The (Christian) Music that Shaped Me – Part 9
(In this series I’ve been sharing music that has been influential to me, personally. My hope is twofold: First, that some of my younger friends will be able to appreciate “from whence we’ve come” and to be encouraged to continue to seek fresh ways to communicate their faith through music. Second, that those of my generation will enjoy looking back a bit, but more than that, I pray that we will continue to recognize and encourage the creativity of today’s Christian musicians. Here’s where you can find the Introduction, Part 1, Part 2, Part 3, Part 4, Part 5, Part 6, Part 7 and Part 8.)
Many years ago a job change required a friend of mine, who was also one of the guitarists and singers from my church, to move to another city. On one of his visits back to the area I asked him about his new church and how things were going there. He said he liked it fine, but that it was good to be back where we did “big music.”
I liked that. I knew what he meant, and I took it as a compliment.
I had been patterning most of our worship music after one particular artist and worship leader who had a profound effect on me.
In Part 4 of this series I mentioned that I had a recurring dream about returning to my little home church with an awesome band patterned after the big sound of Blood, Sweat and Tears playing music dedicated to God. My timing was all wrong, but in the early to mid ‘90s I think Christian music got as close to that dream of mine as it will ever get. The leader was Ron Kenoly.
His music was an exciting blend of choir, horns, instrumental and vocal solos, all playing intricate arrangements with a tight rhythm section. The musicians were the best in the business. His worship music had all the characteristics that I love about big band music: interesting and powerful ensemble playing and singing, with the freedom for soloists to create excitement on the fly.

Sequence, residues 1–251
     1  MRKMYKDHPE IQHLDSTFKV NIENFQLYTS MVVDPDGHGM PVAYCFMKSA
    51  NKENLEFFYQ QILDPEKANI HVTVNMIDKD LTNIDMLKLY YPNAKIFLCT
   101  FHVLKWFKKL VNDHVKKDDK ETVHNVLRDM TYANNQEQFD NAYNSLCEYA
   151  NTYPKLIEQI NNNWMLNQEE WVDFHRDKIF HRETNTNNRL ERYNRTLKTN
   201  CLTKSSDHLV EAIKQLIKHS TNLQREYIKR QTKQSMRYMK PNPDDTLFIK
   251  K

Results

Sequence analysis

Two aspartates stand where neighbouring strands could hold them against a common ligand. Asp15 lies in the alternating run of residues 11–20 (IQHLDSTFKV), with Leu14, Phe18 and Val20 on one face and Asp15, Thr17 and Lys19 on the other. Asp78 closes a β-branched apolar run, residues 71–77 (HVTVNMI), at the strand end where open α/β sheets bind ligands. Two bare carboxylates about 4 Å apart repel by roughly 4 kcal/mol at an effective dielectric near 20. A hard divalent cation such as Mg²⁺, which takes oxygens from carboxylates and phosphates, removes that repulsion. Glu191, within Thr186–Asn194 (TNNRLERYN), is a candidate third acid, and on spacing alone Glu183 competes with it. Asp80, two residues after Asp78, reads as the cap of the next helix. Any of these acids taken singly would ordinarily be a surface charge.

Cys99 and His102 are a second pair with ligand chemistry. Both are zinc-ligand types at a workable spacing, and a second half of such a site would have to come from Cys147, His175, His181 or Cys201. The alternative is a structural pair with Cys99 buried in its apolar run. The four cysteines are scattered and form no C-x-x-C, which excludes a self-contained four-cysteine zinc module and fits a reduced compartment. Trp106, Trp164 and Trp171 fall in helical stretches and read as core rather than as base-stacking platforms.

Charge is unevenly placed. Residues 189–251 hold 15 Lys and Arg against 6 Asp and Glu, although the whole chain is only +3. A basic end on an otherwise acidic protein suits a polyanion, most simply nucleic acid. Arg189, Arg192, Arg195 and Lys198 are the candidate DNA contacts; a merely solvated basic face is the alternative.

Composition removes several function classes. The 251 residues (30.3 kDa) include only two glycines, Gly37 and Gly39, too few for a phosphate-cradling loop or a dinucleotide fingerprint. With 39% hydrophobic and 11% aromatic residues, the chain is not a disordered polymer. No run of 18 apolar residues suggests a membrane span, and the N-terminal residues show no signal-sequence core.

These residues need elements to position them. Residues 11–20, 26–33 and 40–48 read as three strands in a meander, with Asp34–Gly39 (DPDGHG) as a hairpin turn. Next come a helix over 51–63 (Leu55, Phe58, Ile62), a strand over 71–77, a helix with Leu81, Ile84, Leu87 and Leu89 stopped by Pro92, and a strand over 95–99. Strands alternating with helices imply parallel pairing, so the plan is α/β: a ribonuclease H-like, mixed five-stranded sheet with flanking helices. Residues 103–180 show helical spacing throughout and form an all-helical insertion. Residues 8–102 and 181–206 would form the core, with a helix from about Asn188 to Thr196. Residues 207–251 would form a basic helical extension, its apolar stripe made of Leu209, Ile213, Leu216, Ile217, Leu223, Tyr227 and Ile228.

His band typically included two of the best musicians you will ever hear in any genre: the amazing Justo Almario on sax & flute, and the incomparable Abraham Laboriel on bass. These men are artists on their instruments and they exude the joy of playing for their Creator. Take a few minutes and listen to this clip of a live performance of Ancient of Days. If you take the time to listen to the whole thing, which I recommend, notice the details of the arrangement. Notice how the whole thing builds, breaks down, and builds again. Notice the little variations in the turnarounds, the rhythms, and chord structure. If you don’t want to take the time to listen to the whole thing, start it about 3:00 for the instrumental break down featuring their percussionist Alex Acuña, Justo on flute, then Abraham on bass. It’s awesome!
I never got tired of doing that song! My only problem is that I can’t sing like Ron Kenoly!
There’s no question that musical styles and tastes change over time. If the music of the church is going to touch the hearts and minds of this generation it must naturally change as well. While the “big” music of Ron Kenoly still stirs my soul to its core, the trend for churches has moved to music that is less “big.” The band for last Sunday’s service at our church was drums, acoustic guitar and bass with 3 singers. They sounded great! The band was tight. The service was moving and worshipful.
Some folks miss singing the old hymns. I don’t. Not really.
What I miss is the horn section!
I still get pumped up when I put Lift Him Up in my car stereo, crank the volume, and cruise down the highway!
There is a lot of music that has influenced me over the years, but I think I’m going to wrap up this series with one more post where I’ll share some of my personal thoughts and observations about music in the church.
In the meantime, here are three more of my favorite Ron Kenoly songs.
This is one of the first songs I heard him sing. I tried it with my team a couple of times, but it’s HARD! I still love it…
This one was part of an Easter musical we did one year and we pulled it out of the musical and did it quite a bit after that. I don’t think we ever did the beginning part, even though it adds to the power of the song…
This is one we saved for special occasions like our outdoor concert in the park that we did annually for a few years. Man this song is fun! Our drummer loved it, but I never felt I could do it justice…